On injury, identity, and life after running

A while back my left foot started hurting. A bit of pain down the outside edge. I rested, didn’t run for a bit, it persisted but I started running again.

Three weeks ago the pain started again but this time in my calf muscle and down to the ankle. Tight muscles, I thought, and didn’t run for two weeks while my half marathon training plan ticked over in the back of my mind, guilt growing every day. I carried on with netball because quite frankly, my team doesn’t have the luxury of doing without me. (Not because I’m indispensable, you understand, quite the opposite! but we only just have enough players to make up a team on a good day.)

Anyway, the discomfort eased off and I rewrote my training plan to make the most of the 5 weeks before the Falmouth Half. Then there was one glorious/difficult week of running followed by a 6 miler on the Sunday and a tough match on the Monday. Tuesday morning, my left ankle had doubled in size, and I sported an attractive cankle for a few days while it deflated.

What caused it? I have no idea. I didn’t twist or go over on it and it wasn’t even particularly painful. But what I do know is it meant another week of rest (and coincidentally terrible mental health) and yet again, here I am a few days after a netball match and I’ve had to walk home after setting out on a gentle jog. I can’t blame the netball, but the high impact and constant twisting and rotating can’t be helping.

So now I’m in the frustrating situation of being signed up to a half marathon in just over 2 weeks that I desperately want to run, but not wanting to run over fears of hurting myself even more and causing a long-term injury. The sensible side of me says to just pull out and not worry about it, to focus on yoga and pilates and netball and be gentle with myself. But the other part says to stop moping and get on with it. To follow my mantra of mind over matter, walk as much of the race as I need to, and finally tick it off my ‘to run’ list. And why is this side winning? Because.. I am A Runner.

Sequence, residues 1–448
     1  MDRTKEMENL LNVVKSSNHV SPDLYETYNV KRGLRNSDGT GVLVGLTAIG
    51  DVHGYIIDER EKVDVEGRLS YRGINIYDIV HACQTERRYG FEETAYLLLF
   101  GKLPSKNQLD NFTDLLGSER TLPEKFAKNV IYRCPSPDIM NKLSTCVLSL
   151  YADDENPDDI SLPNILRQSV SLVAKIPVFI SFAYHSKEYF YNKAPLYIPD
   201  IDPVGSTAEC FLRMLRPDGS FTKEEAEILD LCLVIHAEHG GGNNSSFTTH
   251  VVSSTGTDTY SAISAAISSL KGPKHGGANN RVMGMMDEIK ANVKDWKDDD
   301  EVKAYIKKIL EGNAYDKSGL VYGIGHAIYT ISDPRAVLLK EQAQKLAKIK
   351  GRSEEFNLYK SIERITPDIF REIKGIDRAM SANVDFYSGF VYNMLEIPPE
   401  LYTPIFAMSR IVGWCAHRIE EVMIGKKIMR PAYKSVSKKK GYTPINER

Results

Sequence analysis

I use #girlswhorun on my instagram posts, I ask for shoe and bra recommendations on #ukrunchat, I travel stupid distances and pay frankly stupid amounts of money to run around for a couple of hours. It’s what I do, it’s what people remember about me, it’s how I strike up conversations with new people, it’s what I do when visiting new places on holiday. It’s how I compensate for the vast amounts of sugar I eat, it’s how I spend my weekend mornings, it’s what gets me outside in the sunshine in the summer and in the wind and rain in the winter. It’s a way to bond with others, it’s a way to keep the brain fog and crushing weight of anxieties away, and being painfully honest, it changed my life at a time when I was wasting most weekends to hangovers and stupidly late nights, and gave me something else to focus on.

If I can’t run, then what do I do? Who and what will I be? What else is there in my life that could fill that gap, that will give me the same amount of ~wellbeing~? I need a hobby, evidently, and preferably something that can give me the same benefits. Ideas on a postcard, please.

For now, I have 17 days to get to a point of being able to walk/jog/run/crawl for 13.1 hilly miles because spoiler alert: I’m doing the race. And after that, well, we’ll figure something out.

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